attended these meetings. Other groups even noted our
participation in their presentations.
Recently I attended a forum at Equip for Equality, which
sought input from the blindness community. I stressed the
need for web accessibility, and we agreed to continue
sharing input with EFE.
As follow-up after Washington Seminar, we are in the midst
of visits to our national representatives in Congress. If you
have not already done so, please contact Syed Yousufuddin
at (773) 814-8556 so he can schedule a visit for you.
Talking to your Congressman is easy to do. We have fact
sheets, which you can discuss with your contact.
Of course, all of what we do takes money. Our next
fundraising event is Oktoberfest. It will be held on
September 29th, 2007 at the home of Patti and Francisco
Chang, 6919 W. Berwyn, in Chicago. To make a
reservation, call Joseph Monti at (708) 383-0577. If you
can bring a food item, call Patti Chang at (773) 307-6440.
We are busy applying for grant money, and decisions will be
made soon about plans for next year. Please attend our
upcoming NFBI Board meeting in Rock Island at the Holiday
Inn to participate in the planning. The meeting will be held
on September 15th, 2007. This is an open meeting and we
encourage everyone to take part.
The Special Events Committee and the NFBI Board are
planning our State Convention. As usual, the agenda is
packed, and we will be trying some exciting new things.
Please register as soon as you can, and encourage others to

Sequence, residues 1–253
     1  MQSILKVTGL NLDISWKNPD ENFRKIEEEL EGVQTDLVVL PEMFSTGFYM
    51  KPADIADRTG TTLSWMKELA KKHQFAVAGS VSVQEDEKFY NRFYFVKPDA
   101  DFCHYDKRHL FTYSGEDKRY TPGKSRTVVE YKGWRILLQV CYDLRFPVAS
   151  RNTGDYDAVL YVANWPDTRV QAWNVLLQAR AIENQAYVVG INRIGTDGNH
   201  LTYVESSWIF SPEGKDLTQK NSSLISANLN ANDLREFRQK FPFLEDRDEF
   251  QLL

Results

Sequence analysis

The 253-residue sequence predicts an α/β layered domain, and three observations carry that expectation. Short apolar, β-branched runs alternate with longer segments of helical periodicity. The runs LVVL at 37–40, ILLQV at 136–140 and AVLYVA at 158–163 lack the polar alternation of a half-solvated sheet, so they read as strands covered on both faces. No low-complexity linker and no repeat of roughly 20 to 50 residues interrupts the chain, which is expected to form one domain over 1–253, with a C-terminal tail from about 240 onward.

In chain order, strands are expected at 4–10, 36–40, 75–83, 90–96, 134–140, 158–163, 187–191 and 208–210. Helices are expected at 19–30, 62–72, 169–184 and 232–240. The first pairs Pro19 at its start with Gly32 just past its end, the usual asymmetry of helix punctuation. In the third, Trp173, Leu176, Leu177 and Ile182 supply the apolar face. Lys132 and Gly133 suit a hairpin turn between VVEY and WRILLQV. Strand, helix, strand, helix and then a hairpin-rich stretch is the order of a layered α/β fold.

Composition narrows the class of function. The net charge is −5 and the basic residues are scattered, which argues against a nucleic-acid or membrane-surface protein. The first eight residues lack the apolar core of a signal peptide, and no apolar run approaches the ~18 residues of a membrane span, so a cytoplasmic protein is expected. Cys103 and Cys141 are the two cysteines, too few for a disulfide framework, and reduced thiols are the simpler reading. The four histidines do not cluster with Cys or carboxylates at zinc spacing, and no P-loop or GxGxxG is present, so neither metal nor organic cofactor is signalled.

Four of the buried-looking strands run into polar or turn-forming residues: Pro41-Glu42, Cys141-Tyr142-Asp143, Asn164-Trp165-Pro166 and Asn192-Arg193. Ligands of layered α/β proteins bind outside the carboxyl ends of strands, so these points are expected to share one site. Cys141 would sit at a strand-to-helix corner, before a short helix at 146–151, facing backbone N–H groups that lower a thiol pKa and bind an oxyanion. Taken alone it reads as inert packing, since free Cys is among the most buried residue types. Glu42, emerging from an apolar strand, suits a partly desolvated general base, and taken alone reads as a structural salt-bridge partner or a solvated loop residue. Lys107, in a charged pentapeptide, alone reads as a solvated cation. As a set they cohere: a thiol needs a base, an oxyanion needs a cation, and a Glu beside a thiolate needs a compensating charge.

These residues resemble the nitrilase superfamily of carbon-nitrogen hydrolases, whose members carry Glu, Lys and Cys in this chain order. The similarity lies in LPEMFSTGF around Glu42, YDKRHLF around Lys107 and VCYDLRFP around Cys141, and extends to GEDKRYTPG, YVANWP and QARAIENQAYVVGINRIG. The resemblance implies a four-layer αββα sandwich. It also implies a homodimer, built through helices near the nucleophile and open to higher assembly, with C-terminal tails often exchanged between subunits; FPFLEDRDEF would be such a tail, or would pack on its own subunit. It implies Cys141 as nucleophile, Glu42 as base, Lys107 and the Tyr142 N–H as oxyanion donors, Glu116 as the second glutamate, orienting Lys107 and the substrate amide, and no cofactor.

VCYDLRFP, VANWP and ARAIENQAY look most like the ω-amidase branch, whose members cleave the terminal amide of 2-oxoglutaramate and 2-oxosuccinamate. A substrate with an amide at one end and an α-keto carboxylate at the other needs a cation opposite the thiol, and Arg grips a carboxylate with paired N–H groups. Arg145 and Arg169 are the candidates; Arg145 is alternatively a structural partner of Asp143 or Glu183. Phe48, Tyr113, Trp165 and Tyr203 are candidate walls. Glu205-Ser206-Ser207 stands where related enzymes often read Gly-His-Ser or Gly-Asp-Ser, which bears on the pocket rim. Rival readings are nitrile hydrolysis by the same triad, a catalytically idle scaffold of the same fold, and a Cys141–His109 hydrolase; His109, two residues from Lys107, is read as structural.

do the same.
On a personal note, I want to thank everyone who serves
the NFBI and the blind community by working with us. No
one can do it alone. The movement together is so strong
that it is bigger than any of us standing by ourselves.
MY FIRST CONVENTION
By Alyson H. Slaughter
I arrived in Atlanta for Convention on Saturday afternoon.
Though I found my way to the hotel on MARTA and had a
nice dinner with an incredible group of NFB members, I still
called my mom that night crying. I wanted to go home; I
just did not feel like I belonged there - I was an outsider.
Growing up as a high partial (a term I learned at
Convention), I have always felt stuck between the sighted
and blind worlds. I have never used a cane, although I have
been told that I should. I always have depended on my
sighted family and friends to help me. Now that I have
finished school and am beginning my life in the "real" world,
I have discovered how much I need (and yearn) to be
independent. For this reason I contacted some members of
the Chicago Chapter of the NFB and attended one of their
meetings. My journey toward accepting my blindness had
As I am sure most newcomers to the NFB and to Convention
can attest, it was extremely overwhelming for me those first
few days. I had never been surrounded by so many blind
people, canes, and dog guides. There were so many choices
of meetings to go to - and since it was my first time, it was
hard for me to choose which to attend. I ended up
attending the Mock Trial and the Lawyers' Division meeting,
the NABS meeting, the Illinois Caucus, and of course the